Minnesota Wild: The Wild are probably going to have money problems in the offseason. Bet they're really regretting having Niklas Backstrom carry the fifth-highest cap hit for a goalie in the whole league. Oh, and I guess a minority owner who controls two companies that are currently under SEC investigation. That also.

Montreal Canadiens: A "stats guru" has carefully examined why the Canadiens lost to Boston in the first round. And here's some of that groundbreaking analysis now: "[O]ne thing that came out was that centre Tomas Plekanec graded out consistently better in all categories than his $7.3-million-US-peryear teammate Scott Gomez." That's the kind of insight that's going to make advanced metrics take the hockey world by storm.

Nashville Predators: So this Rinne fellow is pretty good.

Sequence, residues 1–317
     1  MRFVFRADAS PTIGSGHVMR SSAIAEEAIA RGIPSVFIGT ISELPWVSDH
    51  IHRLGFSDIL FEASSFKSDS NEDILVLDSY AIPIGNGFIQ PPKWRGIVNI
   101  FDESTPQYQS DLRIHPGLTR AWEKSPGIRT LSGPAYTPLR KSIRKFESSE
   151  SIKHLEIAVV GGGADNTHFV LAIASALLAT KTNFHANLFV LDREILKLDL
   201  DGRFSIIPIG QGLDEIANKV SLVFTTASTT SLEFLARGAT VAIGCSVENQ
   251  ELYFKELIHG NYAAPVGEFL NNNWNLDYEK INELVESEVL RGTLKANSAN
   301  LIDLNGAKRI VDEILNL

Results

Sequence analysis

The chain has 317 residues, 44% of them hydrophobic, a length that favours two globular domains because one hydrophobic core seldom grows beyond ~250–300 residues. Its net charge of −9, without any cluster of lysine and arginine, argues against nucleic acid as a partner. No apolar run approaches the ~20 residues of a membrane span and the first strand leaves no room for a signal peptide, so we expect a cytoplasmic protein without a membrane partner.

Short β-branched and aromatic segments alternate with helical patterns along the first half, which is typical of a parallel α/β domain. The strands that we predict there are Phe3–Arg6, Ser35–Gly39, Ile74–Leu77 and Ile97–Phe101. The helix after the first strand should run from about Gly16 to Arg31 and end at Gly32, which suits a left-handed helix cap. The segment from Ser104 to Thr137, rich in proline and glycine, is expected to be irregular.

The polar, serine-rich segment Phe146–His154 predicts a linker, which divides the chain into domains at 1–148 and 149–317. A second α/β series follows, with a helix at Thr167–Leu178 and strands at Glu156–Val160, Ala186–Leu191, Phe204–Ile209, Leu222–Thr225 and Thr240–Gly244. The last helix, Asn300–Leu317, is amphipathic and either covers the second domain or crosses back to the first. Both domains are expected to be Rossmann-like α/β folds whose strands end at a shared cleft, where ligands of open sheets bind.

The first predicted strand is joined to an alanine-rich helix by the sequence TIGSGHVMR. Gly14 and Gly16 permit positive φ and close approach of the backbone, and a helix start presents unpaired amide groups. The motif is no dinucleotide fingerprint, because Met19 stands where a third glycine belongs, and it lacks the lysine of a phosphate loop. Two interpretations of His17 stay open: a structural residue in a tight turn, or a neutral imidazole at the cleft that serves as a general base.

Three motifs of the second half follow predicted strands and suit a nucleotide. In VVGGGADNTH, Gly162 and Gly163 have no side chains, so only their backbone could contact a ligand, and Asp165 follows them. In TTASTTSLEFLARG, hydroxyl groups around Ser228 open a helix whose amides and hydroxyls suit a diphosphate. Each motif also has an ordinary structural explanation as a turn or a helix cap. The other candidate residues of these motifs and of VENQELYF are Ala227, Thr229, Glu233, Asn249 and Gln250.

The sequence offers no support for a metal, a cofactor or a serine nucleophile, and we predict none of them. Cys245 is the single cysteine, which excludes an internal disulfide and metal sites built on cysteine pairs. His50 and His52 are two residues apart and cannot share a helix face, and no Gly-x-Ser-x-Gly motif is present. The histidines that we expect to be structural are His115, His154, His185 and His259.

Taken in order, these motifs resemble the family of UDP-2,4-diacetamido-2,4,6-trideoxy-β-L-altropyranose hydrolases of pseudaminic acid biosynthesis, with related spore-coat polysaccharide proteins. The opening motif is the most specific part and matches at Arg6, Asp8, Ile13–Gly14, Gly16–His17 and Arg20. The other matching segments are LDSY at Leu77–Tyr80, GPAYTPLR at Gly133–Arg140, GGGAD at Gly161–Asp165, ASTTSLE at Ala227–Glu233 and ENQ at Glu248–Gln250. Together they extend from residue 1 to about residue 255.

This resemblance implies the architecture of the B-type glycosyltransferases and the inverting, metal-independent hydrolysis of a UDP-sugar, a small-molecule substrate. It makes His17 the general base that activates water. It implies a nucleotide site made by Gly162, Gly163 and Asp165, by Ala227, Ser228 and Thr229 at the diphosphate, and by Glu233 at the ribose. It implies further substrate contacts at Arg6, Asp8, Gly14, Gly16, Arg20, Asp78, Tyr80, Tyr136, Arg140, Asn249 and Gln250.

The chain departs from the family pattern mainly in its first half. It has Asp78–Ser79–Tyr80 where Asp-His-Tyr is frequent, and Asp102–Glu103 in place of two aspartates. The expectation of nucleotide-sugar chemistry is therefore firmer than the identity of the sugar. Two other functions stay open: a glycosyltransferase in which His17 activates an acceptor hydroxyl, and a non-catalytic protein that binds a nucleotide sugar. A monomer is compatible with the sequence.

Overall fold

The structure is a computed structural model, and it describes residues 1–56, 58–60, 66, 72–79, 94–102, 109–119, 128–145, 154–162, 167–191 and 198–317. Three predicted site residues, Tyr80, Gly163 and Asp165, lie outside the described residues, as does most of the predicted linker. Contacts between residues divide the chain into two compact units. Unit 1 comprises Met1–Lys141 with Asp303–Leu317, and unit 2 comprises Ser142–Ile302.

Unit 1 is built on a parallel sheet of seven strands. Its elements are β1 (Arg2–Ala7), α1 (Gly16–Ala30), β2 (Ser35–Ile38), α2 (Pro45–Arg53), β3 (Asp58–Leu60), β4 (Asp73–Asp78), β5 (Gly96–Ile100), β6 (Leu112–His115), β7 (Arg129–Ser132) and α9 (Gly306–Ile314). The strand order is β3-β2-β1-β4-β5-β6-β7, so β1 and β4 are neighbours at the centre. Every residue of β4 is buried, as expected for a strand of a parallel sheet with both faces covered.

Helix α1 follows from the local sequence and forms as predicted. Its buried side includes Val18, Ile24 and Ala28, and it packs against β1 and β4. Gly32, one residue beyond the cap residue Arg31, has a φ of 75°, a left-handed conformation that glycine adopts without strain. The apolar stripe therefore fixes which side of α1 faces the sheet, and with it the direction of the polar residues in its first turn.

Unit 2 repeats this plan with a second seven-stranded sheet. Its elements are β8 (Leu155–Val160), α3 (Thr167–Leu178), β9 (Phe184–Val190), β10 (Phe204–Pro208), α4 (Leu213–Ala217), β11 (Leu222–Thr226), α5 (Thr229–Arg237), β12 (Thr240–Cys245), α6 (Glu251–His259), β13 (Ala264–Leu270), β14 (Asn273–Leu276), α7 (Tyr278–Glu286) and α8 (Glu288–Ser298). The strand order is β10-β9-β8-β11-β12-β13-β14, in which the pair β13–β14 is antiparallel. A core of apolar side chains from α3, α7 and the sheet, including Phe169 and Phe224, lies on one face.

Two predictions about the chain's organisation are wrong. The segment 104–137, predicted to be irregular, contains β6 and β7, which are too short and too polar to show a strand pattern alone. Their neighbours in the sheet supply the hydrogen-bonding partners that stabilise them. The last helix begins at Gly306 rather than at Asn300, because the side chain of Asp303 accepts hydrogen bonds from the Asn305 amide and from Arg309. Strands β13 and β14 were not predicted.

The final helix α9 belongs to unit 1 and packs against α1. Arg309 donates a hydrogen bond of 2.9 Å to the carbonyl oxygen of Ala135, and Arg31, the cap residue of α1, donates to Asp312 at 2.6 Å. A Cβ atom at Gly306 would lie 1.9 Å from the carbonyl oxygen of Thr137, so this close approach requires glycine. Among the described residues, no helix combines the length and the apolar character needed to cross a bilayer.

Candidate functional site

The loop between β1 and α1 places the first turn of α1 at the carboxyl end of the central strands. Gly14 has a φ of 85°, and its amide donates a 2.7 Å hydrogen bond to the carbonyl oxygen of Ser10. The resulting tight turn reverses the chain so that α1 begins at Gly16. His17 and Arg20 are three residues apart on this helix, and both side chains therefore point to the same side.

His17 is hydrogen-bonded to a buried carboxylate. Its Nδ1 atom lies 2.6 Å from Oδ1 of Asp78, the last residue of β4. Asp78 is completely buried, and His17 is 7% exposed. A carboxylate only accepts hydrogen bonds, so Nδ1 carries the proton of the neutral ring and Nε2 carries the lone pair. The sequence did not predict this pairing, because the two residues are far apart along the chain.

New Jersey Devils: News that will break Wysh's heart: Zach Parise has never seen a "Star Wars" movie. How terrible for him.

New York Islanders: Somehow Matt Moulson didn't get invited to play at the World Championships. Antoine Vermette did. I don't get it either.

New York Rangers: The Rangers are kicking around the idea of buying out Chris Drury. Don't they know he was once in the Little League World Series?

Ottawa Senators: Gosh, I sure wish we hadn't traded this oddly expensive 30-year-old role player-type third-line guy for a second-round pick in the middle of a rebuild!

Philadelphia Flyers: Headline: "Flyers' porous defense gives Bruins series lead." Well that's a nice way of saying, "Flyers' goalies porous, singlehandedly give Bruins series lead."